Tuesday, July 05, 2005

Ethanol and Biodiesel from Crops not Worth the Energy

Via Eureka Alert:

Cornell ecologist's study finds that producing ethanol and biodiesel from corn and other crops is not worth the energy-ITHACA, N.Y. -- Turning plants such as corn, soybeans and sunflowers into fuel uses much more energy than the resulting ethanol or biodiesel generates, according to a new Cornell University and University of California-Berkeley study....complete story.

My father, who is a farmer, has been telling me this for years now, and I didn't find it too hard too believe, but I have remained hopeful.
The final paragraph of the story sums it up well:
"Ethanol production in the United States does not benefit the nation's energy security, its agriculture, economy or the environment," says Pimentel. "Ethanol production requires large fossil energy input, and therefore, it is contributing to oil and natural gas imports and U.S. deficits." He says the country should instead focus its efforts on producing electrical energy from photovoltaic cells, wind power and burning biomass and producing fuel from hydrogen conversion.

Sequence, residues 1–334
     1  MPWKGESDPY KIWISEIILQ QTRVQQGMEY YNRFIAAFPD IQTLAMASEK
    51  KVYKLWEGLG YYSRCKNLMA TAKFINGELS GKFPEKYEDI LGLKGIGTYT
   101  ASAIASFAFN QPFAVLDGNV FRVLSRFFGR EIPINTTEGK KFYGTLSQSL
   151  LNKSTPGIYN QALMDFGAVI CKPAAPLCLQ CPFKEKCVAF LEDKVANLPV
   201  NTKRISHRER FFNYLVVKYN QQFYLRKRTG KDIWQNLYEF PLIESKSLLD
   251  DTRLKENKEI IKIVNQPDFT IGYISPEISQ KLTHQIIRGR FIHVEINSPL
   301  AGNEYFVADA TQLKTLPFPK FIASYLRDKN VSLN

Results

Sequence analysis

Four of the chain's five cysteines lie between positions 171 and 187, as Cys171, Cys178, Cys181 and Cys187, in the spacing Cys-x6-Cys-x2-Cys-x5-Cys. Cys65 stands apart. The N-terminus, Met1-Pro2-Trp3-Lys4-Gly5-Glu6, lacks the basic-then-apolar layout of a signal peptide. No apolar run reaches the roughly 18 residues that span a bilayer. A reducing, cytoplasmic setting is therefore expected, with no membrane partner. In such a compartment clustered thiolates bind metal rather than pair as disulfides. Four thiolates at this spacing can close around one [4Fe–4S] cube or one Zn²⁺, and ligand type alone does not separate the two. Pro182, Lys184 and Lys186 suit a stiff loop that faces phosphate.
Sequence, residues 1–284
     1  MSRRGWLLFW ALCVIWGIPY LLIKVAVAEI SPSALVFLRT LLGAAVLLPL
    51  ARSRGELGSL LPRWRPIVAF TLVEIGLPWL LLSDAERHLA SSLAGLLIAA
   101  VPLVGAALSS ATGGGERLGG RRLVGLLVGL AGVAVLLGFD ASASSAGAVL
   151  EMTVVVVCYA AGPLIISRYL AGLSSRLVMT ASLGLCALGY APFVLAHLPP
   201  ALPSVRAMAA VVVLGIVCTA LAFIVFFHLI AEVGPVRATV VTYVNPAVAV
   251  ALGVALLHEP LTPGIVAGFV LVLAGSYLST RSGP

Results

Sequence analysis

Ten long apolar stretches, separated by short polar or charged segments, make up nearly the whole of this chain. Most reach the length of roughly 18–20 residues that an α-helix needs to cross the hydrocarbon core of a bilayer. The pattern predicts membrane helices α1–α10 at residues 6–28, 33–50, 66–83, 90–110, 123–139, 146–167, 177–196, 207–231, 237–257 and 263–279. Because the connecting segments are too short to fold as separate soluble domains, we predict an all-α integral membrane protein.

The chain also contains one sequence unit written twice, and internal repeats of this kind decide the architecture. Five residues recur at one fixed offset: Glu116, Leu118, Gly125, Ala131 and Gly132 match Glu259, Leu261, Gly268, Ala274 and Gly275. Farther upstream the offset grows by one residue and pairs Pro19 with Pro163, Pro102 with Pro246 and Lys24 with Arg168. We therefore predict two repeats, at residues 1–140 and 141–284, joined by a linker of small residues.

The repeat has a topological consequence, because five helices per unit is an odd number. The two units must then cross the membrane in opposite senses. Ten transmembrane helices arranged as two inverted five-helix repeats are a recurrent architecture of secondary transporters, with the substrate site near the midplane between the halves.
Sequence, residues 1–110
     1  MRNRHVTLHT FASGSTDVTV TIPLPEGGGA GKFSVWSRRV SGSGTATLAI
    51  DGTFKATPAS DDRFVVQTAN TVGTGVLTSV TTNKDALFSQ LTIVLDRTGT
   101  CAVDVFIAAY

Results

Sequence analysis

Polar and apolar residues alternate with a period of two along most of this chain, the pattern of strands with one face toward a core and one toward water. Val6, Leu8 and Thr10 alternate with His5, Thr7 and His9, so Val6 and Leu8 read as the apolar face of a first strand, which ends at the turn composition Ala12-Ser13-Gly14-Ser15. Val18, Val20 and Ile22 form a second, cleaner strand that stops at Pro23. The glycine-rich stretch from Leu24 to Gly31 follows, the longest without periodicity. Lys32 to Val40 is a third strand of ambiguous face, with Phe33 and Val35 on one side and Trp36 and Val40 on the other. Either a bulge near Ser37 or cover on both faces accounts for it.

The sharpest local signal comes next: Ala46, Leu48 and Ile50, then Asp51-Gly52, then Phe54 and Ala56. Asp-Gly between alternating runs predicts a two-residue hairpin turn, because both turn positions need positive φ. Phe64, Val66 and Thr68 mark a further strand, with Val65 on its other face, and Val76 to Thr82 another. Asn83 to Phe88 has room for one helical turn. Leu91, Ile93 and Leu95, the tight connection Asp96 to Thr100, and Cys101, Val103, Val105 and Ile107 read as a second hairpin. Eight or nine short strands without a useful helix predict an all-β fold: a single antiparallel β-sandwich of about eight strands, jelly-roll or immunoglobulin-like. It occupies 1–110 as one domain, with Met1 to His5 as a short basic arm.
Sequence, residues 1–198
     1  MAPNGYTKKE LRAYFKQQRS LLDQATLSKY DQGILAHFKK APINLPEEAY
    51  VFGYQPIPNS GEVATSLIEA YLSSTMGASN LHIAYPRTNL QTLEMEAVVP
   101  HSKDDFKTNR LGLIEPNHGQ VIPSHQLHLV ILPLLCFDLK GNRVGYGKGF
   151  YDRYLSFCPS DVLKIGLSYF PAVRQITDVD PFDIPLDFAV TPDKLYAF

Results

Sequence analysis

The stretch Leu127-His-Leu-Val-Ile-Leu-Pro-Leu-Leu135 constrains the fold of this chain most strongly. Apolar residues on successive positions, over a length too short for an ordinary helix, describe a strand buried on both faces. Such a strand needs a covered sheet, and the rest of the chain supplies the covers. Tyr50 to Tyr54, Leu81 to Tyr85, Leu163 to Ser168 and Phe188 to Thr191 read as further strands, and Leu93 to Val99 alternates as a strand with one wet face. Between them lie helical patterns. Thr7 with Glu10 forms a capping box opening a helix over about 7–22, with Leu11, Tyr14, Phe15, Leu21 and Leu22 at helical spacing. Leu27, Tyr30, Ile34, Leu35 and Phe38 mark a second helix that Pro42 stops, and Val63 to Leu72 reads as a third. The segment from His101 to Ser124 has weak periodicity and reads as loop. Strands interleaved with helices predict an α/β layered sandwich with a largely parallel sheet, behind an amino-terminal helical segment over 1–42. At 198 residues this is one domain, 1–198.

This is the only thing I've seen on this recently, but I'm sure there are plenty of people ready to refute these findings. If no one can reasonably argue with the energy balance of the current process described in the study, I can see where one could argue whether it is a project worth continuing. I think at the very least we can assume that the process will become more efficient, and as it stands could be considered a bridge to an improved process that is a benificial alternative to burning fossil fuels.

I would like to know what these folks would say about the thermal depolymerization process which I have previously mentioned here.

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2 Comments:

Anonymous Anonymous said...

Yes, there are many people ready to refute this study. In fact, the two people mentioned here are about the only ones retaining that position. The new study mentioned in the article was done in the late '70's by people who are regular consultants with the oil industry, and could take credit for helping with the efficiency improvement of conversion to ethanol, put prefer to retain their old data and old alliegances.

9:32 AM  
Anonymous David said...

Yes, there are many people ready to refute this study. In fact, the two people mentioned here (frequent consultants with the oil industry) are about the only ones retaining that position. Their new study as mentioned in the article was actually done in the late '70's. So these guys could take credit for fostering the efficiency improvement of conversion to ethanol, but prefer to retain their old data and old allegiances.

9:41 AM  

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